An Identity Crisis—Ethanol Blending is a Refinery?

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By Dave VanderGriend, President Urban Air Initiative

Special to The Digest

There have been many Hollywood movies where a character woke up to find they had become something else—a grown up becoming a kid, or a woman becoming a man, and so forth. Seems crazy but perhaps not so much because anyone who owns a blender pump woke up one day in June to find out they were a refiner! Actually, a “fuel manufacturer” to be exact, with all the numbing, strangling regulations that go with it.

While the fire is raging throughout the entire biofuels industry over the small refinery waivers and the renewable volume obligations, a huge storm cloud has been forming that has received little notice but could have a crippling impact on the ethanol industry’s ability to move to higher blends.

A little noticed provision in the recent rule allowing year-round sales of E15 not only definitively capped ethanol blends at 15% but has made it illegal to dispense any blend other than E15 or E85 which would effectively shutdown the “middle slots” of a blender pump.  Anyone who would dare to dispense E20, 30, or 40 would be exceeding the amount of a fuel additive allowed under the Clean Air Act.  Mind you, this includes dispensing the fuel into a flex fuel vehicle which is designed and marketed as being able to run on any combination of gasoline or ethanol up to 85%.

Because EPA has failed to extend the substantially similar definition of fuel additives to blends beyond E15, we are in a room without doors— there is simply nowhere to go. A little background may be in order to understand this more clearly.  E10 was previously ruled to be substantially similar to E0, the recent rule stated E15 was substantially similar to E10.  At the Urban Air Initiative and with our various partners and supporters, we argued in our comments that all blends above that should be considered substantially similar, and at a minimum E20 was similar to E15 since that is what DOE and EPA tested.

The Clean Air Act allows for varying amounts of fuel components so long as those components were present in the certification fuel used to test vehicle emissions.  For example, toxic aromatics can vary from 10% to 50% in consumer fuels because they are present in the certification fuel.  Ethanol is also 10% of the certification fuel, however EPA is capping ethanol at 15% as a maximum.  So once again, EPA has singled out ethanol to the point where we cannot use it or dispense it.  The reality is that the burden of proof is on EPA to show that increased ethanol volumes would increase emissions, and we feel strongly they cannot meet that test.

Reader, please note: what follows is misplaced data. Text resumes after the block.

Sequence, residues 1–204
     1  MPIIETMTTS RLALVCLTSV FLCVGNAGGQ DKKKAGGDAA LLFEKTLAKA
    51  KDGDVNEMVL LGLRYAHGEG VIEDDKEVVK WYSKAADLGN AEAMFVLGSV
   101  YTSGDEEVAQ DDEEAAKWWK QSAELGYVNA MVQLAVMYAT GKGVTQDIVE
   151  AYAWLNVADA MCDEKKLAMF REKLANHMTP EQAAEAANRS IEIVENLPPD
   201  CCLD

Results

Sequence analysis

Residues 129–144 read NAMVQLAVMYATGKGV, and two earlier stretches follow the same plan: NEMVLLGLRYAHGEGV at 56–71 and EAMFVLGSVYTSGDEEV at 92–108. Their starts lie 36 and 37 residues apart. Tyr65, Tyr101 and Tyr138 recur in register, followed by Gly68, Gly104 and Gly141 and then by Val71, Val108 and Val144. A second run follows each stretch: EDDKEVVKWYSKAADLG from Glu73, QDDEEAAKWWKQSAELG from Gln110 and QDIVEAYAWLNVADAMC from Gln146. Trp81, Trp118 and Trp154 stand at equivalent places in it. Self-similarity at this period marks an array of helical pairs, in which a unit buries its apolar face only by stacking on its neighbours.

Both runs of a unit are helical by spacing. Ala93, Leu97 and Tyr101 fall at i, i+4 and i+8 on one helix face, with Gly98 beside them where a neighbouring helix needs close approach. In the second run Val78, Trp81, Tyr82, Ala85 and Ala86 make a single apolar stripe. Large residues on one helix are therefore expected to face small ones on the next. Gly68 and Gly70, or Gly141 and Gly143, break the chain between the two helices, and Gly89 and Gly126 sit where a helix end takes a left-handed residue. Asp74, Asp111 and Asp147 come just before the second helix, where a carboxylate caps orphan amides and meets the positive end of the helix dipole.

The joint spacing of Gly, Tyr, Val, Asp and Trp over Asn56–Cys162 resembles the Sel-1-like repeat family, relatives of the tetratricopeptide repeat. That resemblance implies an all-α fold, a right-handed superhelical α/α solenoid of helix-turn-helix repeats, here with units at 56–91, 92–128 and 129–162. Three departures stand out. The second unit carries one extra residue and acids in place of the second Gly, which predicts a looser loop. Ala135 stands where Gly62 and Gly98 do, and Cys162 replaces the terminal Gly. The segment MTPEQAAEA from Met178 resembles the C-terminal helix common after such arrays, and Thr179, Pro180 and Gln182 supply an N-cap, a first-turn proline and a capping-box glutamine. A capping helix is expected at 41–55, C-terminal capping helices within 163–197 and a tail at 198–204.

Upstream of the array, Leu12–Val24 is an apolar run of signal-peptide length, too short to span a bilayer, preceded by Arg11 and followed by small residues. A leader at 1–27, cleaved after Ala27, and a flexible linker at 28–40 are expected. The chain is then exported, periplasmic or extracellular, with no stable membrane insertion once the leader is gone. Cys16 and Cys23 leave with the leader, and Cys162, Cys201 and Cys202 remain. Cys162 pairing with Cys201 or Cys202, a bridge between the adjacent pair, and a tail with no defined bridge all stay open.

Through our work at the Urban Air Initiative we know that adding ethanol to consumer fuel, i.e. real world fuel and not concocted test fuels, results in toxic emissions going down, period. EPA has refused to test splash blended ethanol fuels, which is how it is done and why we harp so much on the need to test “real world” fuels.

And another level of this absurdity is that EPA’s underlying studies that have concluded ethanol increases emissions are not only based on laboratory tests of what can only be considered “fake” fuels, but they have a fraction of the data we have amassed in terms of gallons, cars, and miles driven.  After 7 million miles of E30 use in thousands of cars, there have been no consumer complaints and no evidence of material or emission system degradation. Contrast that with EPA’s testing in the EPAct study that is the data base for emissions modeling when they used 26 cars driving less than 10,000 miles.

Under the new rule and EPA’s interpretation, any blend above E15 will have to apply for a waiver just as E15 did to be able to go above E10.  Until then these mid-level blends are not approved and producing them through blender pumps would constitute the “manufacture” of a fuel, which is what a petroleum refiner is.   Anyone with blender pumps would be subject to the same rules as a refiner, registering and testing the fuel.  But it gets worse: Refiners are required to test every batch of fuel they sell to terminals. If the new rule is taken literally, EPA  would consider every fillup of  E20/30 etc. a batch.  Obviously, the rules were designed to test large batches in the millions of gallons of fuel to ensure compliance with various regulations, not to crush innovative mid-level blends.